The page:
University of Notre Dame
Kroc Institutde for International Peace Studies

Patrick Gaffney, C.S.C.

In terms of media reporting, public debate, and partisan polemics, the recent conflict in Gaza can be characterized like its predecessors as a military confrontation and diplomatic poker game between Israel and Hamas. But on a deeper level this latest tragic chapter, like the others, belongs to a larger picture that is difficult to shrink down and fit into the vocabulary of the nightly news roundup.


In order to understand the conflict in Gaza, one must understand this larger picture. Those who speak for this other dimension, this larger picture, do not compete in the same arena as politicians, diplomats and soldiers for whom war is a matter of winning or losing. Instead, these other voices engage the same pressing issues, but in a way that expands the boundaries of discourse from the immediate strategies at hand to a concern for and recognition of their fundamental human consequences.

This other dimension goes by different names. For the sake of brevity here I will call it conscience. By this, I am pointing to the reflective awareness of a law higher than national sovereignty, a source of moral discrimination that is not justified by ethnic or religious belonging, by party loyalty, by self-interest, by dominant power, or by collective desire.

Rather, conscience judges right and wrong, and calls us to act on the basis of the conviction that life is a gift and we are all responsible to the gift-giver. Of course, for Jews, Christians, and Muslims this giver of life is the one God whose commands include: “thou shalt not kill” and “love thy neighbor.”


I evoke this larger picture and stress its importance by way of addressing the visit of Pope Francis to Israel and Palestine shortly before the outbreak of the latest hostilities and to argue for its relevance to “understanding Gaza.”

The historical interest and spiritual claims of Christians upon the Holy Land represent both a profound attachment and an enduring sacred trust, but these have become inextricably entangled in the nationalist struggle between Israel and Palestine along with internal political divisions.

In this light, the very short visit of Pope Francis in May was carefully choreographed and staged as an effort to make a significant positive contribution to the sadly stunted peace process. His cumulative words and dramatic gestures were highly charged with symbolic weight, given the Pope’s privileged role as a voice of conscience.

The pope’s achievement lies in his display of a single posture with two distinct emphases: one presented to Palestinians and the other delivered to Israelis, but without contradiction.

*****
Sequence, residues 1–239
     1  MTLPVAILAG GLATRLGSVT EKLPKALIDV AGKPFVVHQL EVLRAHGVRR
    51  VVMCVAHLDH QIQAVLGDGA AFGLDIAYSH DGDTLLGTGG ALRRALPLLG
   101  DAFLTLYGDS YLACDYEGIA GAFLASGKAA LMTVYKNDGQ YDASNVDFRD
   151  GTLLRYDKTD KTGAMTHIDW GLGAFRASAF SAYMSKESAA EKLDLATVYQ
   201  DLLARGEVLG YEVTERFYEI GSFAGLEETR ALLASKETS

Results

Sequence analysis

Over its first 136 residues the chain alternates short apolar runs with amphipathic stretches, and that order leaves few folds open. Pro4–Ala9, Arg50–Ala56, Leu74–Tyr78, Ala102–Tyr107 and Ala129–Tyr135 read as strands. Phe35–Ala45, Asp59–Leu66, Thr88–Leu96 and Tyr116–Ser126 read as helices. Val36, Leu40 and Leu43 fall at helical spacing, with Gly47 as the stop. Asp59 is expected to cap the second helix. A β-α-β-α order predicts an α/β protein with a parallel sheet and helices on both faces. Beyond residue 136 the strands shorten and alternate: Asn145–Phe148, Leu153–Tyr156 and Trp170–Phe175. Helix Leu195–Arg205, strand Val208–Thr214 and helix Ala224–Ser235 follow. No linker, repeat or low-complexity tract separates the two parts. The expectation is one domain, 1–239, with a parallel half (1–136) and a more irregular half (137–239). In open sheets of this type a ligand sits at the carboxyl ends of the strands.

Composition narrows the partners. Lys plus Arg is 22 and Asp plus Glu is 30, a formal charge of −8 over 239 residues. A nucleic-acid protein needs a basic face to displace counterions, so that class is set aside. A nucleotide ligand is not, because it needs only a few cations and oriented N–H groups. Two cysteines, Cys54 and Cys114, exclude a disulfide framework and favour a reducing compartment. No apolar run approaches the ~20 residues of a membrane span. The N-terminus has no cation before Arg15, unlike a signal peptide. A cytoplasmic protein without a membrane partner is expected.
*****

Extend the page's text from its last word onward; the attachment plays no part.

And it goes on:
Pope Francis conveyed to Palestinians his affirmation of their legitimate rights, especially the end of occupation and the establishment of their own state. To Israelis, he reiterated acceptance of their right to live in safety, including an expression of sincere remorse for past persecutions at the hands of Christians. In a word, Pope Francis embodied the formula that would free Palestinians from oppression and free Israelis from fear, squaring the circle to bring justice and security into one accord.

According to official Vatican sources, the motive for the Pope’s visit was reconciliation, specifically a commemoration of the spectacular encounter of Pope Paul VI with the Orthodox Patriarch Athenagoras in Jerusalem exactly 50 years before. That meeting led to the healing of the great schism that had divided Eastern and Western Christianity for almost 900 years.

This recreation of that fraternal embrace also serves as an illustration and an inspiration for the radical changes in hearts and minds that follow from the awakening of consciences. Pope Francis articulated the practical results of this conversion at the final event of his visit, a Mass at the Cenacle, revered as the site of the Last Supper and of Pentecost. We are called, the pontiff said, to service, friendship, sharing, sacrifice, fraternity, harmony, family, and peace.

The Pope’s later explicit and forceful calls from Rome for an end to the violence in Gaza and other related initiatives, including the “partita per la pace” (a soccer match of all-stars held in Italy to raise money for victims), continue this appeal to conscience, asking all sides to risk the courage that a just and lasting peace requires.

Patrick Gaffney, C.S.C., is Associate Professor of Anthropology at Notre Dame.